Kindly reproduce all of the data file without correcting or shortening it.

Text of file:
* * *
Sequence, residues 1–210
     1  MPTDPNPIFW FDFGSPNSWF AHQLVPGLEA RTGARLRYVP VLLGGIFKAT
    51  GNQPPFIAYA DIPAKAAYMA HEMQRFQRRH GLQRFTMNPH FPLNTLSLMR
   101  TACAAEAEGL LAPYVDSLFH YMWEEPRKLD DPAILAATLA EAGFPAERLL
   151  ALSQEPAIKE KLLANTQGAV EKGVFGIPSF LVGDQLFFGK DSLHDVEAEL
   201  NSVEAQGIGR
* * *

Sequence, residues 1–210
     1  MPTDPNPIFW FDFGSPNSWF AHQLVPGLEA RTGARLRYVP VLLGGIFKAT
    51  GNQPPFIAYA DIPAKAAYMA HEMQRFQRRH GLQRFTMNPH FPLNTLSLMR
   101  TACAAEAEGL LAPYVDSLFH YMWEEPRKLD DPAILAATLA EAGFPAERLL
   151  ALSQEPAIKE KLLANTQGAV EKGVFGIPSF LVGDQLFFGK DSLHDVEAEL
   201  NSVEAQGIGR